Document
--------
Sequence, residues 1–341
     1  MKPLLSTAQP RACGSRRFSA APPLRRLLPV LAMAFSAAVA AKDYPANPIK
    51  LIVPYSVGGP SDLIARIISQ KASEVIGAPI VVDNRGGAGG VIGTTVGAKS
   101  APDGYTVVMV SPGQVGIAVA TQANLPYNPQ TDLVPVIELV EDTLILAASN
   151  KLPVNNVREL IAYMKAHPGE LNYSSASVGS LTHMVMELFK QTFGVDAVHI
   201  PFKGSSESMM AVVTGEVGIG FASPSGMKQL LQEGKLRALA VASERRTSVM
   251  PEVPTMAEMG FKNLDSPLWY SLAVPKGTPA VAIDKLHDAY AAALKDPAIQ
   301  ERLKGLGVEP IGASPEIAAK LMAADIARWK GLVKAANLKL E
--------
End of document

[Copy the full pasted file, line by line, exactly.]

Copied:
Sequence, residues 1–341
     1  MKPLLSTAQP RACGSRRFSA APPLRRLLPV LAMAFSAAVA AKDYPANPIK
    51  LIVPYSVGGP SDLIARIISQ KASEVIGAPI VVDNRGGAGG VIGTTVGAKS
   101  APDGYTVVMV SPGQVGIAVA TQANLPYNPQ TDLVPVIELV EDTLILAASN
   151  KLPVNNVREL IAYMKAHPGE LNYSSASVGS LTHMVMELFK QTFGVDAVHI
   201  PFKGSSESMM AVVTGEVGIG FASPSGMKQL LQEGKLRALA VASERRTSVM
   251  PEVPTMAEMG FKNLDSPLWY SLAVPKGTPA VAIDKLHDAY AAALKDPAIQ
   301  ERLKGLGVEP IGASPEIAAK LMAADIARWK GLVKAANLKL E